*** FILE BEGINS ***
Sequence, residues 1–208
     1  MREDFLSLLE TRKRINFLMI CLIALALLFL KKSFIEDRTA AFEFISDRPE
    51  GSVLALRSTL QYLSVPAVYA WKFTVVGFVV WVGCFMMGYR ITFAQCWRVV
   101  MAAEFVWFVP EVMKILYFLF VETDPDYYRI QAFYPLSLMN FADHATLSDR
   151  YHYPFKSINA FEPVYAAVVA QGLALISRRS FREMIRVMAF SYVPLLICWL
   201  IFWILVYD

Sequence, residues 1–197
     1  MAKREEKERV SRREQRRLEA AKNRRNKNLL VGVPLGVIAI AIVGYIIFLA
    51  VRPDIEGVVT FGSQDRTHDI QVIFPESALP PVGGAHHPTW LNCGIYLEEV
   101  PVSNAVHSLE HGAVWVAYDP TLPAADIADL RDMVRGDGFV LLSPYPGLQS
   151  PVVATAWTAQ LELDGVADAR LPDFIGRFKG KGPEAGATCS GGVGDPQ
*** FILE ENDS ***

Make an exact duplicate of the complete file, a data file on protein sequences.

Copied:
Sequence, residues 1–208
     1  MREDFLSLLE TRKRINFLMI CLIALALLFL KKSFIEDRTA AFEFISDRPE
    51  GSVLALRSTL QYLSVPAVYA WKFTVVGFVV WVGCFMMGYR ITFAQCWRVV
   101  MAAEFVWFVP EVMKILYFLF VETDPDYYRI QAFYPLSLMN FADHATLSDR
   151  YHYPFKSINA FEPVYAAVVA QGLALISRRS FREMIRVMAF SYVPLLICWL
   201  IFWILVYD

Sequence, residues 1–197
     1  MAKREEKERV SRREQRRLEA AKNRRNKNLL VGVPLGVIAI AIVGYIIFLA
    51  VRPDIEGVVT FGSQDRTHDI QVIFPESALP PVGGAHHPTW LNCGIYLEEV
   101  PVSNAVHSLE HGAVWVAYDP TLPAADIADL RDMVRGDGFV LLSPYPGLQS
   151  PVVATAWTAQ LELDGVADAR LPDFIGRFKG KGPEAGATCS GGVGDPQ